President Uhuru Kenyatta on Tuesday signed three Bills which were presented to him at the State House, Nairobi. The bills include the Urban Areas and Cities (Amendment) Bill 2017, The Petroleum Bill 2017 and the Energy Bill 2017. The president signed the bills in the presence of the Speaker of the National Assembly Justin Muturi and his Senate counterpart Ken Lusaka, among others.
The 2017 Petroleum Bill will among other things provide a framework for contracting, exploring, developing and producing petroleum in the East African country. Kenya’s proven recoverable reserves are estimated at 750 million barrels. Last year, the country signed a deal with Total SA for a $3.35 billion Lokichar-Lamu pipeline project, as the only evacuation route for Kenya’s crude oil. While it waits for the pipeline, Kenya began transporting crude to the port city of Mombasa in an experimental programme dubbed Early Oil Pilot Scheme. The programme was initially disrupted by the local community following unresolved resource-sharing concerns which the new petroleum law has now addressed.
According to the new law, the National Government will take 75 percent of the revenue while County Government takes 20 percent and the Local Community takes 5 percent. The law is an improvement on a 2015 Bill, which would have limited the County and Community allocations based on the amounts received from the national government in the fiscal year. However, parliament is tasked with reviewing percentages within ten years to take into consideration any adjustments needed.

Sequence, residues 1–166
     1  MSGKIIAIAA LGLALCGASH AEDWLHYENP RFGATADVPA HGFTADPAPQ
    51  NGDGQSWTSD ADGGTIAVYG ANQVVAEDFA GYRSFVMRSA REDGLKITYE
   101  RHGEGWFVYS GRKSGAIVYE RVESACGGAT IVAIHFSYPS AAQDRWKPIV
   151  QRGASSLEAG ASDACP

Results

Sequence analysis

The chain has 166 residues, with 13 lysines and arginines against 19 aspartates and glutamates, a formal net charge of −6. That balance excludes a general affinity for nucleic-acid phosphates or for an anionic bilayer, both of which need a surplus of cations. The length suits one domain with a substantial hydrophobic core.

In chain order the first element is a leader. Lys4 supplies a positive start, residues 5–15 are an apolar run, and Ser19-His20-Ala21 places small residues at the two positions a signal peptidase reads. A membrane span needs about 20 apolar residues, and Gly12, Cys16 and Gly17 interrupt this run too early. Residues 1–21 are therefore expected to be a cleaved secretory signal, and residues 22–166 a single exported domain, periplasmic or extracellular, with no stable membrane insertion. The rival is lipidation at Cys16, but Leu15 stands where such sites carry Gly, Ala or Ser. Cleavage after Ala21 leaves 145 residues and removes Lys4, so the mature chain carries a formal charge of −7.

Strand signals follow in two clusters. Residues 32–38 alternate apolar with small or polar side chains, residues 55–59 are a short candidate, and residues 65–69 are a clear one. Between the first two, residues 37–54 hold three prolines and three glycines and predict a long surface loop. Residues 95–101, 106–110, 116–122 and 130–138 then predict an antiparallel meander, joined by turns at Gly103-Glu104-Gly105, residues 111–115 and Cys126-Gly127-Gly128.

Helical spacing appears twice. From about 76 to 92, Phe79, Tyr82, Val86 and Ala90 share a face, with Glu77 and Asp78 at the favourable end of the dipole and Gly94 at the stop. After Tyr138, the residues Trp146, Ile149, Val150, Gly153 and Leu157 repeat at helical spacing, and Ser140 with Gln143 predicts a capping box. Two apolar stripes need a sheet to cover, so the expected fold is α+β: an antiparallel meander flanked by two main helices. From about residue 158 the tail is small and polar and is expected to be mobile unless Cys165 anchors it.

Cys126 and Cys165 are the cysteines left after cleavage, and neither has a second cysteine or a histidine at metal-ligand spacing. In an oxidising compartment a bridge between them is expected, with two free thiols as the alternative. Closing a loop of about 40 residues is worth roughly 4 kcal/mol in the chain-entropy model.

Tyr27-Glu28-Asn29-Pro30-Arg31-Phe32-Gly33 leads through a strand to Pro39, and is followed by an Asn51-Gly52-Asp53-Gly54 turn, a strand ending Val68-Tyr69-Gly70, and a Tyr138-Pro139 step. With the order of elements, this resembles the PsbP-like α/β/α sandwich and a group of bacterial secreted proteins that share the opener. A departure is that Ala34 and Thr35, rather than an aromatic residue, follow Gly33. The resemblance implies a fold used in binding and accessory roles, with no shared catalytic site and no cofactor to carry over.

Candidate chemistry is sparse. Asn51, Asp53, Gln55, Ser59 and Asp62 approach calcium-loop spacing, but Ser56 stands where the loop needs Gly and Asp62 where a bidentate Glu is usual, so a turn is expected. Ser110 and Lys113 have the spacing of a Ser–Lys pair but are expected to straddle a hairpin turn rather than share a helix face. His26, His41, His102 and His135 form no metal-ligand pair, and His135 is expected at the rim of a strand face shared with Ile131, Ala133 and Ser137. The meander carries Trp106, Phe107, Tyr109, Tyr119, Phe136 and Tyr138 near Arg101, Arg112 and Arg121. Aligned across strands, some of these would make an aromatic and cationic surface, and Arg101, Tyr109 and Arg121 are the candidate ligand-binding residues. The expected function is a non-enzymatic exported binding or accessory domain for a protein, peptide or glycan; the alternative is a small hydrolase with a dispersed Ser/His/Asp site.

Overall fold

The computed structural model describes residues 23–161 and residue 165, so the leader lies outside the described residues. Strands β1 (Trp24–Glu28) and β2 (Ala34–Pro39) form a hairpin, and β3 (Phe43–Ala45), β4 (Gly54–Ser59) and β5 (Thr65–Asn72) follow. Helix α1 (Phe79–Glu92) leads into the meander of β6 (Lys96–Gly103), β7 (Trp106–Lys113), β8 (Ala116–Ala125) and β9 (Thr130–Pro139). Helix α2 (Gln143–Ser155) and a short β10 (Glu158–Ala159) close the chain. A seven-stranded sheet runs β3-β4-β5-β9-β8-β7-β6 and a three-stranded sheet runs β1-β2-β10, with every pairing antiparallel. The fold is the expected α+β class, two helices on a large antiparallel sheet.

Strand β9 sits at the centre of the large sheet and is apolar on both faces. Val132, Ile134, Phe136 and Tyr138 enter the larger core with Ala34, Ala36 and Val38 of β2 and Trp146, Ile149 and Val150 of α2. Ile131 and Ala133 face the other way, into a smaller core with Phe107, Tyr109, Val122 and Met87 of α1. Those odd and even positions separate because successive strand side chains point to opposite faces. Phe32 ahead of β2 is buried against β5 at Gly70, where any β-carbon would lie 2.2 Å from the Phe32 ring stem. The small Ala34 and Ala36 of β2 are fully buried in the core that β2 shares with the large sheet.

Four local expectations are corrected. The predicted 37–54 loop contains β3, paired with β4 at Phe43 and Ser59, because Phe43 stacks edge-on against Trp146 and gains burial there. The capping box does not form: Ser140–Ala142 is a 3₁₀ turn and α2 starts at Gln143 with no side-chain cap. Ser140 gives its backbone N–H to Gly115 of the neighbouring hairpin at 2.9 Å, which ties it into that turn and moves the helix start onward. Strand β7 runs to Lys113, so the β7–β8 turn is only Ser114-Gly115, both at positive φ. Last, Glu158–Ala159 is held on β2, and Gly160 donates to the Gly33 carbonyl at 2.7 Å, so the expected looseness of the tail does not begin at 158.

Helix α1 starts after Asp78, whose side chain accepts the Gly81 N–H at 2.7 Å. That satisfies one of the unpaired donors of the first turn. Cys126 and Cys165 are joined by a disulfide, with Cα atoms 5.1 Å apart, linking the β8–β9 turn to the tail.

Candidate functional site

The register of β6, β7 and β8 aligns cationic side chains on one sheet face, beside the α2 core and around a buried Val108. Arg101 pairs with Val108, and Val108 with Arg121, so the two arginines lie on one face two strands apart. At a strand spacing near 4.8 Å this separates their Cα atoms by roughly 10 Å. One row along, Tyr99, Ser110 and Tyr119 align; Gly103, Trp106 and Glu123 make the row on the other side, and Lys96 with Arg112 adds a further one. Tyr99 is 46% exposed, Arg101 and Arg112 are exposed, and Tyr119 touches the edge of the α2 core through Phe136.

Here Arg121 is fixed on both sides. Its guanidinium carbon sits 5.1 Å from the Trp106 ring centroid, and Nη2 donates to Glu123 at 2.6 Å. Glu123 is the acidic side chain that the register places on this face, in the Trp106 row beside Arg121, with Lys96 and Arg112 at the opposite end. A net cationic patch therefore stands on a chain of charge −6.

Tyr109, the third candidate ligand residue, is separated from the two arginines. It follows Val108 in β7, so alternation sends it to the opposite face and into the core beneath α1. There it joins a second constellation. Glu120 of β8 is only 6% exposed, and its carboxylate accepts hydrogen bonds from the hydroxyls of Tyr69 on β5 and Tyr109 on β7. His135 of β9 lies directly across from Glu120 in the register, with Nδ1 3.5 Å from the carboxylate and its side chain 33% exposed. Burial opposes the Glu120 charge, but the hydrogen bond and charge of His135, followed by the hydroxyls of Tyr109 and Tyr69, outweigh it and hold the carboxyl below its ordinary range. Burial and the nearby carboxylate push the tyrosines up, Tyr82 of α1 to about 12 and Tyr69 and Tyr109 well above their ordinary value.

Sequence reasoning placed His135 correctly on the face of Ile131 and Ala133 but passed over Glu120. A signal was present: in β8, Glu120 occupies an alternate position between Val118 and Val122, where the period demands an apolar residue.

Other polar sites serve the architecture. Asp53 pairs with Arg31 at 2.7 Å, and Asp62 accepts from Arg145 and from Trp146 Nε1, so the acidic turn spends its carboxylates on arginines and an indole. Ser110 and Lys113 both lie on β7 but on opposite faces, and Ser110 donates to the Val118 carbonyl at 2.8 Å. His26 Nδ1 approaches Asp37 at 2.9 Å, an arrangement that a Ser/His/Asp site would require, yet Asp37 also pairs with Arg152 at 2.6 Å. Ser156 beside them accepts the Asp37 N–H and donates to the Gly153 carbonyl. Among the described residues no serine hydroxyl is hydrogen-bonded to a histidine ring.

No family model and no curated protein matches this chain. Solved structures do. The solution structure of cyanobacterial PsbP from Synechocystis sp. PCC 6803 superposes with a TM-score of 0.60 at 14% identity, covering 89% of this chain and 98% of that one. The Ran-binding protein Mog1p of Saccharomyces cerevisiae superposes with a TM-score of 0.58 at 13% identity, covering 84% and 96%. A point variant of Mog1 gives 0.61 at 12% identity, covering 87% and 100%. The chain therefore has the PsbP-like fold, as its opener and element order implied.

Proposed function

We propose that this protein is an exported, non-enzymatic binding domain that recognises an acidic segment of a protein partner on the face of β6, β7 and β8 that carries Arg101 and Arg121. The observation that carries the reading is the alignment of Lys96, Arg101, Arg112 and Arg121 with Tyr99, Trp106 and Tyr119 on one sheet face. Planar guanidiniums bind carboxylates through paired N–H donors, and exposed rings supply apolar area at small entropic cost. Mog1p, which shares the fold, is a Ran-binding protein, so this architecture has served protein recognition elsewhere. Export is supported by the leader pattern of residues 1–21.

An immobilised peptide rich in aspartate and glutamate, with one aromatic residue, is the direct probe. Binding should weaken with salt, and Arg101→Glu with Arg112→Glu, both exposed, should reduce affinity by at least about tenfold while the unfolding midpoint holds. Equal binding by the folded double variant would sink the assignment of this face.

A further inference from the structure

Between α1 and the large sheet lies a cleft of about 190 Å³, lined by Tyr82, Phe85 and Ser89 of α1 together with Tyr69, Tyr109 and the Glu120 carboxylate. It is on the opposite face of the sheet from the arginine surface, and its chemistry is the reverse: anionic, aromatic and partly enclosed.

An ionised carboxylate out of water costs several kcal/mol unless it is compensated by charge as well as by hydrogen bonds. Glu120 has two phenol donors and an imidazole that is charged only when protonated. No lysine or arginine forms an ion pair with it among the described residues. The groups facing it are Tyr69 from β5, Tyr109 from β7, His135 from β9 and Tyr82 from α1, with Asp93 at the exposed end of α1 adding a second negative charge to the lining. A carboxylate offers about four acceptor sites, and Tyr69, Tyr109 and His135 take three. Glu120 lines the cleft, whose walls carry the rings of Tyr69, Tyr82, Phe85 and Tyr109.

The new petroleum law would also be used to formulate national petroleum policy and conduct petroleum operations. It will be a reference point in the establishment of petroleum institutions.
The energy law which has just been signed, among other things, establishes three key national energy entities to manage and regulate energy resources in the country. They include the Energy and Petroleum Regulatory Authority, the Rural Electrification and Renewable Energy Corporation and the Nuclear Power and Energy Agency.
The Energy and Petroleum Regulatory Authority will be mandated to regulate generation, importation, exportation, transmission, distribution, supply and usage of electrical energy with the exception of licensing of nuclear facilities. It will also be tasked with regulating importation, refining, exportation, transportation, storage and sale of petroleum and petroleum products (crude oil not inclusive). It will also manage production, conversion, distribution, supply, marketing and usage of renewable energy.
The Rural Electrification and Renewable Energy Corporation shall oversee the implementation of the Rural Electrification Programme in Kenya, manage its Rural Electrification Programme Fund and also source for additional funds for the programme.
The Nuclear Power and Energy Agency will be required to propose policies and legislation necessary for the successful implementation of a nuclear power programme. It will also be required to ensure extensive public education and awareness on Kenya’s nuclear power programme.
The Urban Areas and Cities Amendment Bill will enable County Governments to review the criteria provided for classifying an area as a city, municipality, town or market centre.
President Kenyatta commended the Senate for the speedy passage of the bills, which he said are intended to “accelerate the efficient and quality service delivery to wananchi”. Wananchi is the Kiswahili word for “the public”.